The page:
Cast that line

Mensa Said So!

Mensa (the smart people) ranked their Top 10 Amusement Parks with City Park’s Carousel Gardens coming in at number six. Not bad considering that numbers one, two and three were Walt Disney World, Disneyland, and Universal Studios Hollywood respectively.
“The top three are wonderful parks, but you don’t have to be a member of Mensa to realize the great bargain offered at City Park’s Carousel Gardens,” said park Chief Development Officer, John Hopper.

Say Cheese!

The Park’s first ever photography contest elicited over 700 submissions. Dylan Barbier won the Best Overall photograph:

Say Cheese!

Inaugural Earth Day

City Park and the Botanical Garden jointly held the inaugural Earth Day event in the Botanical Garden to rave reviews.

Inaugural Earth Day

bonne anniversaire

City Putt celebrated its one year anniversary.

bonne anniversaire

Century Plant Blooms

One of the New Orleans Botanical Garden Century Plants (Agave americana) bloomed.  After Hurricane Katrina destroyed the Botanical Garden one of the first plants to be replanted were a group of Century Plants that were roughly one year old. “Typically a Century Plant takes between 10 to 60 years to grow to full maturity and bloom. But it’s possible ours matured and is blooming at a quicker rate due to the past year’s weather with temperatures quickly moving up and down,” said Susan Capley, Education Director of the New Orleans Botanical Garden, “We are all very excited this is happening as it’s a great example of how far City Park and the Botanical Garden have come in terms of resurrection since Hurricane Katrina.”  

The Century Plant is a monocarpic succulent and has a spike rosette of gray-green leaves which can reach up to 30 feet. The plant flowers with small branches with small flowers on the ends. The plant blooms only once and at the end of its life. The next plant in line to start growing is called a pup. Stemming out of the original plant, this pup will start its journey upwards after the first plant flowers. The plant’s flower stays in bloom for approximately two weeks.
Attached are photos from mid-April, mid-May, and a bloom photo so you can see the scale of growth.

Century Plant Blooms

Groundbreaking Fore!

Folks gathered to break ground on the new championship level golf course.  While many were happy with the development, a committed group of people opposed the Park’s golf course plans.  Protesters were vocal at board meetings, and three people became “tree sitters” for a period of time.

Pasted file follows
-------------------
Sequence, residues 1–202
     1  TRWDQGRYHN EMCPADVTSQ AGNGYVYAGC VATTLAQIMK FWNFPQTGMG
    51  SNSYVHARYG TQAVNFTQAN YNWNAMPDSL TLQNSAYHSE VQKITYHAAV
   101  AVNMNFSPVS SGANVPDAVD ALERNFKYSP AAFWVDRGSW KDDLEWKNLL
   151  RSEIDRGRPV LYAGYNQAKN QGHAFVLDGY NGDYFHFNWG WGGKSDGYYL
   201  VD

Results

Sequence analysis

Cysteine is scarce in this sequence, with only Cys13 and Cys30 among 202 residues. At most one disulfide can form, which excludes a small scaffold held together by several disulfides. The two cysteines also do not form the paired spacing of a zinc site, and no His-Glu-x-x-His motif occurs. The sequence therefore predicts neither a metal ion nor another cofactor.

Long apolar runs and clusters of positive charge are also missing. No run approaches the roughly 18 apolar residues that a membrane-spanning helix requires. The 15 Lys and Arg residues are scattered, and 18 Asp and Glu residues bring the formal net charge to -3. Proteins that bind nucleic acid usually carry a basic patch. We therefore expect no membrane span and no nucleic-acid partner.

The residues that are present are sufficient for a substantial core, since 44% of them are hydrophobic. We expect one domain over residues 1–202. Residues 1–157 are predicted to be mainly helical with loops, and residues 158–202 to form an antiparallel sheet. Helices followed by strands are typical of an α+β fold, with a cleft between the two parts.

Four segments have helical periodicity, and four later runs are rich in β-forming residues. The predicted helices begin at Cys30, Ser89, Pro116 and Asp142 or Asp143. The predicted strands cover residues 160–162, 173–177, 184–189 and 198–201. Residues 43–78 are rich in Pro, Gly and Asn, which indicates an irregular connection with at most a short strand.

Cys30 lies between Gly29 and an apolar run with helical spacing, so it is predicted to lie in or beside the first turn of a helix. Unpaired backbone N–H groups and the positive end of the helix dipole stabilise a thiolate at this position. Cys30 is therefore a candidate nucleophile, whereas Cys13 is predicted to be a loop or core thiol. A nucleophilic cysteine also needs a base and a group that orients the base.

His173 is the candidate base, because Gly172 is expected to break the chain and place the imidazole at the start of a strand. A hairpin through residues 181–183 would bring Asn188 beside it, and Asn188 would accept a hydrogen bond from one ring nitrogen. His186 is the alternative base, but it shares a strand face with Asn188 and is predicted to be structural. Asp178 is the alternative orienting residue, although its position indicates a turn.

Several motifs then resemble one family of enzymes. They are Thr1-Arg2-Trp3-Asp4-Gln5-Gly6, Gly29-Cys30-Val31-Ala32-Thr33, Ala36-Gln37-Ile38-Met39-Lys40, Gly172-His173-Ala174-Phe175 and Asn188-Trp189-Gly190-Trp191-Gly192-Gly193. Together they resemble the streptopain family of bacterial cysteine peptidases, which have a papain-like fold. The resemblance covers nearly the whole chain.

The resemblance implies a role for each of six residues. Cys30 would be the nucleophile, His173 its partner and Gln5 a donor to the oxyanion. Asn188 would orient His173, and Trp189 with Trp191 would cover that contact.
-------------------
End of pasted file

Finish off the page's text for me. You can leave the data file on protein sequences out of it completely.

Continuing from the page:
Disc Golf on the move

The Disc Golf Course was moved from south of the railroad tracks to an area east of Diagonal Drive.

Disc Golf on the move

A New Visitor Center

We also dedicated the Oscar J. Tolmas Center which serves as the new entrance to both Storyland and the Botanical Garden.  (In lieu of police, we hired a large green alligator for security.) The Park’s endowment exceeded $4 million.  That may not sound like a lot for an institution over 160 years old.  But when you consider that the park’s endowment was $48,000 in 2001, it definitely shows we are moving in the right direction.

A New Visitor Center

She’s Back!

Katrina sent the old Ladybug to the dump yard, but the new and improved Ladybug Roller Coaster was dedicated in February, much to the delight of residents young and old.

She’s Back!

China Lights

The China Lights Festival transformed the Botanical Garden into a beautiful lighted display highlighting Chinese culture.  More than 75,000 people visited the event which ran from February 23rd to May 1st.

China Lights

The start of our MOON parties

A new fundraiser, June Under the Moon debuted.

The start of our MOON parties

All Hail Sir Cumference

New Orleans City Park cut the ribbon on a new playground at the already popular Festival Grounds. Located between Christian Brothers School and the Reunion Shelter on Friedrichs Avenue, the playground sits inside a paved concrete circle. It is that circle shape that lent its geometric details to the playgrounds name: Sir Cumference. The Sir Cumference playground includes climbing areas, monkey bars, a slide, balance beams, and musical instruments for kids to play. The playground is geared towards children ages 5 to 12 years old. 

All Hail Sir Cumference

Katrina + 10

Time flies when you are having fun?  It wasn’t all fun by a long shot, but August marked the 10 year anniversary of Hurricane Katrina.  The park remembered by planting 10 oak trees at the Festival Grounds, installing a number of temporary before and after signs at Big Lake, and by hosting a thank you event for donors, volunteers, and board members.

Katrina + 10

Tennis Time

The Allstate Sugar Bowl Tennis Classic will be held at the City Park/Pepsi Tennis Center this month. The Allstate Sugar Bowl Tennis Classic is a USTA Southern Tournament that hosts female and male players ages 12 to 18 years old in both singles and doubles divisions. The Southern Section is made up of the following nine states: LA, MS, AL, GA, AK, KY, TN, NS, SC. The top ranked 32 players in each division from the Southern Section qualify to participate.

Tennis Time